By Dom Cioffi
In 2006, a tinted piece of paper with a rushed sketch of a comic book character sold for $75,000. The image was the work of illustrator H.G. Peter and featured the first recorded drawing of Wonder Woman. (Google this to take a look; the rendering is very close to the superhero we know today.)
The sketch also included side notes scribbled by the artist and another gentleman: Dr. William Moulton Marston.
Besides being the inventor of the polygraph (lie detector) test, Dr. Marston was also a well-known psychologist, having made a name for himself as a guest speaker on the university circuit.
During one lecture, Dr. Marston asserted that “The next 100 years will see the beginning of an American matriarchy—a nation of Amazons in the psychological rather than physical sense. In 500 years, there will be a serious sex battle. And in 1,000 years, women will definitely rule this country.”
Dr. Marston also argued that the current feminine archetype lacked force, strength and power and instead focused on tender, loving, affectionate attributes. He felt that the future combination of these two categories would propel women into a dominant role within society.
Before long, Dr. Marston’s intellectual opinions were picked up by major media sources, gaining him nationwide attention.
On Oct. 24, 1940, Marston was interviewed by The Family Circle magazine in an article entitled, “Don’t Laugh at the Comics.” In the article, Dr. Marston spoke positively of the comics and how they fueled positive psychological profiles for young readers.
One reader of this article was Max Gaines (publisher of All-American comics, a precursor to DC Comics) who was looking to bring legitimacy to his productions. The common theme of the day was that comic books were disruptive to malleable young minds, so Gaines figured that adding a scholarly psychologist as an educational consultant would be a positive move.
One of Dr. Marston’s first tasks was to come up with a new character based on his unique ideas. His proposition was to create a feminine character with all the strength and power of Superman, but with the added allure of a beautiful, sensitive woman.
Dr. Marston’s idea was met with loud protests, with other writers asserting that women characters traditionally failed. Dr. Marston countered that other female characters had failed because they weren’t stronger than men. His character would be overtly dominant, causing men to willingly submit. This character would also lure in female readers who would be drawn to such a strong, positive role model.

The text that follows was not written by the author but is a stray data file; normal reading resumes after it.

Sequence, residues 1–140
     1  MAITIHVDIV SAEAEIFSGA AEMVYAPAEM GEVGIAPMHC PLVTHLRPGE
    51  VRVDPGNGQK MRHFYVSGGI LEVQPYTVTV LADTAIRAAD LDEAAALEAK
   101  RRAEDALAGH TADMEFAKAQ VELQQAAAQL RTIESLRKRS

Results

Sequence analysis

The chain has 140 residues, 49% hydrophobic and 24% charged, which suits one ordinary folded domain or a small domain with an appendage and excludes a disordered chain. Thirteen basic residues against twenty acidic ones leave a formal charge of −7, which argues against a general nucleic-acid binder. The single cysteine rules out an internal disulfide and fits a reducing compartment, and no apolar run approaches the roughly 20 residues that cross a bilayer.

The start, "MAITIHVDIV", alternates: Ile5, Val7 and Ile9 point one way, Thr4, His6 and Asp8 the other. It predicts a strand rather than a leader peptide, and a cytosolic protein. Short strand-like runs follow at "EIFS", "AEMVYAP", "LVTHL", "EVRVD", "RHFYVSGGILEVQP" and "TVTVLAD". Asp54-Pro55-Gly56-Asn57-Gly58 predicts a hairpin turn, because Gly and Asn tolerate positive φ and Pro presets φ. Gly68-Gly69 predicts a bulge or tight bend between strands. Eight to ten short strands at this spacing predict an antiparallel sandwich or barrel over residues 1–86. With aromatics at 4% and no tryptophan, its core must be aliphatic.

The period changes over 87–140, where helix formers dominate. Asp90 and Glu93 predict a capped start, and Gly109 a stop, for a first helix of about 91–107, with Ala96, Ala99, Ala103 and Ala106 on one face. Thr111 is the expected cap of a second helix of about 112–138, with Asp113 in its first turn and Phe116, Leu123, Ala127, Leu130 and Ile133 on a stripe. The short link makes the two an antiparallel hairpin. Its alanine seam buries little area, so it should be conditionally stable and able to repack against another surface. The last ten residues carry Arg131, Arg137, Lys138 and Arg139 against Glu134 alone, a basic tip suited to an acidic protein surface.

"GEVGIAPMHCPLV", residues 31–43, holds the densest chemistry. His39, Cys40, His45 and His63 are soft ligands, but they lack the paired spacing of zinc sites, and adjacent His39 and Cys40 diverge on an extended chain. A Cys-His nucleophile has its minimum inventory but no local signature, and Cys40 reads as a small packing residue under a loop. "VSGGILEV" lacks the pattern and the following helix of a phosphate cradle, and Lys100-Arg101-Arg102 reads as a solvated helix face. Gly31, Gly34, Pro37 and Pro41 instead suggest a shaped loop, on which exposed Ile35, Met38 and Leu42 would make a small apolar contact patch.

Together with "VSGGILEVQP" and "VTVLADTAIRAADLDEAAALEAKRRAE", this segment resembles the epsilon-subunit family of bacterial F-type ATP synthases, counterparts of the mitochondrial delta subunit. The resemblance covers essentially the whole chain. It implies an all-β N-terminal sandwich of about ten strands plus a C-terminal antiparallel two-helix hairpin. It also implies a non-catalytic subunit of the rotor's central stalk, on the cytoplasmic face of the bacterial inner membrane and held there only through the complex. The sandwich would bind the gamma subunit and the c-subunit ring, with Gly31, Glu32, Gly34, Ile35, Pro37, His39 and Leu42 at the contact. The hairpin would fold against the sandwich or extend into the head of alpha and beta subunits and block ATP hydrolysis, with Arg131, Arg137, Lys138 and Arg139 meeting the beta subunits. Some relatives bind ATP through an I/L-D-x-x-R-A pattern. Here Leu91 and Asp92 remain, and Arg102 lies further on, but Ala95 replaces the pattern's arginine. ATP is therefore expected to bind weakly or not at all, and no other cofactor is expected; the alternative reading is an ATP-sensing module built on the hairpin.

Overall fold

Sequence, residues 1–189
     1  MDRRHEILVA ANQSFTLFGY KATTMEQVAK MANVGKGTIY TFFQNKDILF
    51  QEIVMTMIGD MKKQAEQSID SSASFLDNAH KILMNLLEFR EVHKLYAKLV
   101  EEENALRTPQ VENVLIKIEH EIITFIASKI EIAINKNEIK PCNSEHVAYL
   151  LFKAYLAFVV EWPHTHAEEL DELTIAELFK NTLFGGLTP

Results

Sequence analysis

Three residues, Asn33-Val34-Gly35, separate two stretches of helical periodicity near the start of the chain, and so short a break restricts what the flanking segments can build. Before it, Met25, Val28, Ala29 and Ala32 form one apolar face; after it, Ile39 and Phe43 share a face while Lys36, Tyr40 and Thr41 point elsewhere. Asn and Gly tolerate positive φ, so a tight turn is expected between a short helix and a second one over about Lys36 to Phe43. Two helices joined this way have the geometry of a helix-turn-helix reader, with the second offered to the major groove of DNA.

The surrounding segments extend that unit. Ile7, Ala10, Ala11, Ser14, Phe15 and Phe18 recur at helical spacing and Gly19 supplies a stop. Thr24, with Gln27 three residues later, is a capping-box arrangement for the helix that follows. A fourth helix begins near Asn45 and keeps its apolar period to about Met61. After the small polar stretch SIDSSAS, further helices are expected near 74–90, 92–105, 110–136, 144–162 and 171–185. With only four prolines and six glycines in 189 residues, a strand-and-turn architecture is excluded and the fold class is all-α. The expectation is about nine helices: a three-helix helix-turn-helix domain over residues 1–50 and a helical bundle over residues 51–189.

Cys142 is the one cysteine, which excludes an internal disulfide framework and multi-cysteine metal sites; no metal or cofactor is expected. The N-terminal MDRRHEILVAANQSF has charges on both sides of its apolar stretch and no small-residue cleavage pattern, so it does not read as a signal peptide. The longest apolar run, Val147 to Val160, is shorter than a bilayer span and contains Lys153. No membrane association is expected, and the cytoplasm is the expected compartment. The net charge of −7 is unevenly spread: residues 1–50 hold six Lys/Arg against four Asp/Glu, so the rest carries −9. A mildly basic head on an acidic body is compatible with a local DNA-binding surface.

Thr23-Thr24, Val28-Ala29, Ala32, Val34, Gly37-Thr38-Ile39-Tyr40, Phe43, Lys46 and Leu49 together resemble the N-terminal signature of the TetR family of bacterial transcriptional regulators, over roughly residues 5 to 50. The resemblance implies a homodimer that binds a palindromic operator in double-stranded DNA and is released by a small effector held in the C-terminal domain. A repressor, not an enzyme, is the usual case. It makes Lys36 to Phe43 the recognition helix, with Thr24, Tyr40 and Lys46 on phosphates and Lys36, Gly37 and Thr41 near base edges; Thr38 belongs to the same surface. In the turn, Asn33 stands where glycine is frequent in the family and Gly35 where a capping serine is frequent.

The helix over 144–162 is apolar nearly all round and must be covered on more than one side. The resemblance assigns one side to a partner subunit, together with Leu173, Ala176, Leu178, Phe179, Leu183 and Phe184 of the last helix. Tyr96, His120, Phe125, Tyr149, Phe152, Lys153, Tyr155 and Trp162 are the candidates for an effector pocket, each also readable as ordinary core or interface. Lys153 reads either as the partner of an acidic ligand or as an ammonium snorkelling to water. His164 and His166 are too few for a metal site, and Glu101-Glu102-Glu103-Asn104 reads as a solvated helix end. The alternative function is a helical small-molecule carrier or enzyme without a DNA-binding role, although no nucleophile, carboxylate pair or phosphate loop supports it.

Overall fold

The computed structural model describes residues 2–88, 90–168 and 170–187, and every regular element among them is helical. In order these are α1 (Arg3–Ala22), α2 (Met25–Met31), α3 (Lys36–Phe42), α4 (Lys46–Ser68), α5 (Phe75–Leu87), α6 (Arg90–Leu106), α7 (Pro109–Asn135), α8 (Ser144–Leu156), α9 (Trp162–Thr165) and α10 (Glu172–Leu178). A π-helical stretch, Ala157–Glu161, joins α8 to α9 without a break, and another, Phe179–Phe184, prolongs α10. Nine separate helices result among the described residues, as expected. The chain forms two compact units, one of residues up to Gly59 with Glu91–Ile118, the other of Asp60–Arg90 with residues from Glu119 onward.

Apparently his psychology was correct. Wonder Woman first appeared in “All Star Comics #8,” published in October of 1941, and was an immediate success.
Interestingly, Dr. Marston’s inspiration for the look of Wonder Woman came from Olive Byrne, his one-time student research assistant and eventual domestic partner. Dr. Marston was married to Elizabeth Marston, a successful lawyer and psychologist in her own right and willing participant in the threesome’s polyamorous arrangement. The three happily cohabitated, with both women bearing multiple children to Marston. After Marston died from cancer in 1947, the two woman remained together, raising all of their children and seeing them through to college.
Wonder Woman has remained in nearly in constant publication since the 1940s despite a brief break in 1986. In 2016, during the film “Batman v. Superman: Dawn of Justice,” actress Gal Gadot made a surprise appearance as Wonder Woman, setting the stage for her own motion picture franchise.
Last week, Gadot returned in “Wonder Woman,” garnering great praise from viewers and critics and a 93 percent rating from Rotten Tomatoes.
In this film, we learn about the origins of Wonder Woman and her alter ego, Diana Prince, and how she will eventually work her way into the Justice League.
There is no doubt that young women will find this picture immensely appealing and a positive source of inspiration. But kudos must be given to the writers for not alienating male viewers. Instead this is an all-inclusive story with characters that appeal across the sexes.
Check this one out if you’re a fan of the superhero genre. It’s just as good as any of the other male-dominated pictures with the added allure of a strong, sexy, female lead character. Dr. Marston would be proud!
An amazonian “B+” for “Wonder Woman.”
Got a question or comment for Dom? You can email him at firstname.lastname@example.org.